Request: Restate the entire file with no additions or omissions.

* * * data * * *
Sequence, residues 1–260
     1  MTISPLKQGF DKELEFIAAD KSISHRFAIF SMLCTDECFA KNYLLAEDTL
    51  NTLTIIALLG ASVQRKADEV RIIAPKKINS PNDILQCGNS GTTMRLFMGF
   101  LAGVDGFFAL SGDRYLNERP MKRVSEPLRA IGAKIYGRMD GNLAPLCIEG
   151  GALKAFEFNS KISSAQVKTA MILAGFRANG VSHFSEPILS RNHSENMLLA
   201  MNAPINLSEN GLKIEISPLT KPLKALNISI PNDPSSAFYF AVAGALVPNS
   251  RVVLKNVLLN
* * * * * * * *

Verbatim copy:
Sequence, residues 1–260
     1  MTISPLKQGF DKELEFIAAD KSISHRFAIF SMLCTDECFA KNYLLAEDTL
    51  NTLTIIALLG ASVQRKADEV RIIAPKKINS PNDILQCGNS GTTMRLFMGF
   101  LAGVDGFFAL SGDRYLNERP MKRVSEPLRA IGAKIYGRMD GNLAPLCIEG
   151  GALKAFEFNS KISSAQVKTA MILAGFRANG VSHFSEPILS RNHSENMLLA
   201  MNAPINLSEN GLKIEISPLT KPLKALNISI PNDPSSAFYF AVAGALVPNS
   251  RVVLKNVLLN